Federal IT Modernization: Spending Money to Save Money

Samantha Reid, EUC Global Government

Samantha Reid, EUC Global Government

A report published by the United States Government Accountability Office (GAO), in May 2016, confirmed that the U.S. federal government spends more than 75 percent of its yearly IT budget on operations and maintenance (O&M) investments, due in large part to a dependence on aging legacy infrastructure. This type of spending continues to increase year over year, negatively impacting opportunities to budget for federal IT modernization and innovation. In addition to their high cost, most legacy systems have lost relevancy and are risking cyber security in today’s mobile-cloud computing era.

The Problem With Legacy Systems

The 87-page report reveals some surprising insights, including that the Department of Defense runs its Strategic Automated Command and Control System, responsible for the United States’ nuclear forces, on a computing system from the 1970s and—wait for it—manages data on 8-inch floppy disks.

Far more important, however, is the fact that these legacy systems have not only aged out of their original intent and effectiveness, but the underlying infrastructures might as well be considered endangered. So much of the hardware, software, and languages powering these systems have been out of the marketplace and the public’s consciousness for so long that it’s become increasingly harder (and more expensive) to recruit IT staff with working knowledge of these obsolete systems. Similar reports have noted that federal agencies have had to rehire formerly retired employees to manage legacy systems that a new generation of workers cannot operate.

What’s the Fix?

Modernization is the obvious solution to this ongoing problem, but as obsolete as these systems are, agencies cannot just rip out decades-old infrastructure and processes and replace them with modern end-user computing solutions, such as virtual desktop infrastructure (VDI), application virtualization, or enterprise mobility management (EMM). For the agency CIO and others involved in the strategic planning and acquisition of information technology, the issue with innovation is a classic catch-22. Agencies need to spend money to maintain current systems and “keep the lights on,” while simultaneously investing in development, modernization, and enhancement (DME) projects.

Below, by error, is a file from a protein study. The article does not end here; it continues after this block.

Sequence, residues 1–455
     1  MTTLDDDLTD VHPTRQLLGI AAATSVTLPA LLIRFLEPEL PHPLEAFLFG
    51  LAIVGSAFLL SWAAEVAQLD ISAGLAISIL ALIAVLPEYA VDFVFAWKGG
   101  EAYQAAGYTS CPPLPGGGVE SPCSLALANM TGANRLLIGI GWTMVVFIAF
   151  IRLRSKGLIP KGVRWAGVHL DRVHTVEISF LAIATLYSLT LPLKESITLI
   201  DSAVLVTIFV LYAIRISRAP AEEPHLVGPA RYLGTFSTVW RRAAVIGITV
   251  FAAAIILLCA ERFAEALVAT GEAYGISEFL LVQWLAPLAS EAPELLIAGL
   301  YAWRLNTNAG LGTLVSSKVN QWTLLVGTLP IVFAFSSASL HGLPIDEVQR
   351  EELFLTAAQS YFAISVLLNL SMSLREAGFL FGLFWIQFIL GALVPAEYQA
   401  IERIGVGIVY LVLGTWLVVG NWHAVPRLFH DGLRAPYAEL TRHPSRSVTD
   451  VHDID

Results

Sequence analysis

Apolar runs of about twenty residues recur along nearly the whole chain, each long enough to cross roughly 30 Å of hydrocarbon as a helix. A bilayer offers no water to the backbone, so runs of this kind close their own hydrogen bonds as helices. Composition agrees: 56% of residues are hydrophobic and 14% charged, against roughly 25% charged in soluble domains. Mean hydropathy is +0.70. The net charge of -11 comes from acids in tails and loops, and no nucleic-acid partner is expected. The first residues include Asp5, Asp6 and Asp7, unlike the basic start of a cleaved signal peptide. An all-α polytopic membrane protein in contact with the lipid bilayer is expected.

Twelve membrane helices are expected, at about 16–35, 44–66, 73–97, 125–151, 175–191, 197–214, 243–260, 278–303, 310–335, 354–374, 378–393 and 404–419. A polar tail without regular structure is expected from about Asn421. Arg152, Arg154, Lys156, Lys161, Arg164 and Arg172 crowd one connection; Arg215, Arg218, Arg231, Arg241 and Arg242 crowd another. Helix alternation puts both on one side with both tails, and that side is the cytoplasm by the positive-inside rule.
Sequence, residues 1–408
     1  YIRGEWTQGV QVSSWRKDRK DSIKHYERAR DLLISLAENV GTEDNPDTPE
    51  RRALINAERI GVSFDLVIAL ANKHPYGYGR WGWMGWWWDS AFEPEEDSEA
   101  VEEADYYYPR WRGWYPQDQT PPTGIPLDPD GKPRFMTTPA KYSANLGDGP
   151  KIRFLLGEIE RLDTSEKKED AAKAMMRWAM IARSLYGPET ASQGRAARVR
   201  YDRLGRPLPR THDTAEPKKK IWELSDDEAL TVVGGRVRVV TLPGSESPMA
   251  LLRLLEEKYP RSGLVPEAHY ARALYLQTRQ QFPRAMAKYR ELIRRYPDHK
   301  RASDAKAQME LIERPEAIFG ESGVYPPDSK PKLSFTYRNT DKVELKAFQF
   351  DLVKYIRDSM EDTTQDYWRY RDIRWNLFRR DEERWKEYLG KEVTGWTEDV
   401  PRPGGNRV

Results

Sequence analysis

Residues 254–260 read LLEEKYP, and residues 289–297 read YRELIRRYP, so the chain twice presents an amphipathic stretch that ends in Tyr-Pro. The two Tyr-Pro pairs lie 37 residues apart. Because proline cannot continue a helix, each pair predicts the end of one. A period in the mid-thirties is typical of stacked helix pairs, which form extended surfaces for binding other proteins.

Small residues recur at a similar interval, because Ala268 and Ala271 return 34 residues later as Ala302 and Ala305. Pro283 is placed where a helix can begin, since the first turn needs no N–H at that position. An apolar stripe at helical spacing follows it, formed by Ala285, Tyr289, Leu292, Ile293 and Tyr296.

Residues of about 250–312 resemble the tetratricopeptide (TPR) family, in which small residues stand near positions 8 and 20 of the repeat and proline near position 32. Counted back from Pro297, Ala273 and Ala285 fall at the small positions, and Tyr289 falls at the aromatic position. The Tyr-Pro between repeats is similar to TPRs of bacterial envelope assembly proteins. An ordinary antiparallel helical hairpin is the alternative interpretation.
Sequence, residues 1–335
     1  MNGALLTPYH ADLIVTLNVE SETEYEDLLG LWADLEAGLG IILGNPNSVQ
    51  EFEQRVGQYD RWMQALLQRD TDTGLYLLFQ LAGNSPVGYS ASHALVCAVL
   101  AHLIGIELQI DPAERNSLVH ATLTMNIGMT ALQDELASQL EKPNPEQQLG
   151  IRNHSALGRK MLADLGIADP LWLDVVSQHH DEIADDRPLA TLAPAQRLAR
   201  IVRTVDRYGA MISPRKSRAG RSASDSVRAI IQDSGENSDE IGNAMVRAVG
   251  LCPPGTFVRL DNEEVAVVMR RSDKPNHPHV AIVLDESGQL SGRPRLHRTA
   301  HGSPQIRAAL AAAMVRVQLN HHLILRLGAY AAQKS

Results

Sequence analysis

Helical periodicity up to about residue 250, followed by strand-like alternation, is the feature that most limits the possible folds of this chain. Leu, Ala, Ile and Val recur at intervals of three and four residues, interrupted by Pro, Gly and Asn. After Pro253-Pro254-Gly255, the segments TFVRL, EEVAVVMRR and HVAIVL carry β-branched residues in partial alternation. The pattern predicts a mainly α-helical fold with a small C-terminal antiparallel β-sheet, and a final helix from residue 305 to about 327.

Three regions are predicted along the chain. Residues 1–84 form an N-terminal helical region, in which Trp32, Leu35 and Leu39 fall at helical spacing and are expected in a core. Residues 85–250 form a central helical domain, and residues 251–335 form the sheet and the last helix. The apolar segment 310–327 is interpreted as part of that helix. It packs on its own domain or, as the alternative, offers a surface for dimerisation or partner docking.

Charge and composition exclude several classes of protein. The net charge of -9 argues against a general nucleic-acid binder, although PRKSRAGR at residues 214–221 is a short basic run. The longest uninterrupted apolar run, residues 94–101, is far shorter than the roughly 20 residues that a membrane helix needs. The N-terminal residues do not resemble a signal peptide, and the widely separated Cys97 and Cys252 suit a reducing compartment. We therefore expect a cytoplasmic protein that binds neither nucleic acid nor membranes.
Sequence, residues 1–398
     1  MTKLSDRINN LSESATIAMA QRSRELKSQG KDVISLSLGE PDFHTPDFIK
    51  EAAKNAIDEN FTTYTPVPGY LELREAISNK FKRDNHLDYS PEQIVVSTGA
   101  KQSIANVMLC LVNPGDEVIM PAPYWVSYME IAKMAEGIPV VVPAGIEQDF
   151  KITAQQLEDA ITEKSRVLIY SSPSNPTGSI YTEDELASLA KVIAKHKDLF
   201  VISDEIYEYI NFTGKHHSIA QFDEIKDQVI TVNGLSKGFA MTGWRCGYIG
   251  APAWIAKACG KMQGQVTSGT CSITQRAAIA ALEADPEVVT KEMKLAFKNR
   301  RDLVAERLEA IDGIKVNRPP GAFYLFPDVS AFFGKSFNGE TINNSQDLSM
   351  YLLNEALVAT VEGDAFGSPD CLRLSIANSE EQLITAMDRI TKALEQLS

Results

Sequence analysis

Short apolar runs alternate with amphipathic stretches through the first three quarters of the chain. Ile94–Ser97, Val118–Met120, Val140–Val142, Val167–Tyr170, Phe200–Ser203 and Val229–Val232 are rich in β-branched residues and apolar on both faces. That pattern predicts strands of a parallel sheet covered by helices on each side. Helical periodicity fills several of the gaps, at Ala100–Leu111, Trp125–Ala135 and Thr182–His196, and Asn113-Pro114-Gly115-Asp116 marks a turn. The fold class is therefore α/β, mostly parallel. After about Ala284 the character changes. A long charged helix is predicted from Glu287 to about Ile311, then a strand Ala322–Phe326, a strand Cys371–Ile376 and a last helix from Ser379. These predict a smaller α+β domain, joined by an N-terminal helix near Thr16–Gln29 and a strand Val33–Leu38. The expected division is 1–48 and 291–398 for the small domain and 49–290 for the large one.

For several reasons—from strengthening cyber security to equipping field workers with seamless access to their desktops from anywhere in the world—infrastructure modernization is a huge goal for many government CIOs. And the administration’s request for $3.1 billion for fiscal 2017 to establish the Information Technology Modernization Fund (ITMF) underscores the nation’s need to update core IT processes and systems, to not only maintain operations but to radically improve security and service delivery.

Not surprisingly, this request (and its bill) has been met with both support and skepticism among lawmakers. The underlying logic of the bill—spending money to save money—is not a novel idea in businesses across all sectors. In 2016, United States CIO Tony Scott stated that thorough analysis of federal IT modernization projects pre- and post-2013 showed that agencies that modernized a component of their legacy systems, hardware, or processes decreased maintenance costs year over year. Agencies that did not invest in legacy modernization over this four-year time period, however, continued to spend at a rate of 6 percent on maintenance. That amount may not seem significant, but when inefficient operating expenses are factored in, such as the hourly cost of employees to physically maintain and troubleshoot legacy systems, that figure rises substantially. Even more, factoring in the cost of remediating a massive data breach—often simmering right below legacy infrastructures’ surface—further supports the need for investments in modernization.

Taking Action

So what can government CIOs do today as the ITMF remains in limbo? Regardless if agencies receive additional funding through ITMF, CIOs will have to prioritize digital advancement within their budget asks, beginning with identifying the agency’s key modernization goals (and the barriers to their achievement) with key stakeholders across departments, functions, and lines of business. Next, CIOs and their project leads must research and map out the technologies needed to support these goals and their varying use cases.

The tech industry can play a huge role in helping agencies, from the local to federal levels, prioritize and architect their modernization blueprints. The software-defined data center and end-user computing both play a huge role in modernizing archaic infrastructure. Leveraging cloud and virtual technologies that span devices, applications, and networks is where agencies need to focus their modernization efforts.

Data center consolidation has delivered more than $1.5 billion in savings to date, but there’s more we need to do, especially in the areas of cyber security and service delivery. The ITMF may not solve all of government’s IT issues and woes, but it serves as a giant step in exploring new ways to slowly eradicate vulnerable, expensive, and inflexible legacy infrastructure while enabling the types of digital workspace solutions that are so critically needed. It might take a village, but today’s government CIO has the opportunity to start the conversation and spearhead their agency’s path to federal IT modernization.

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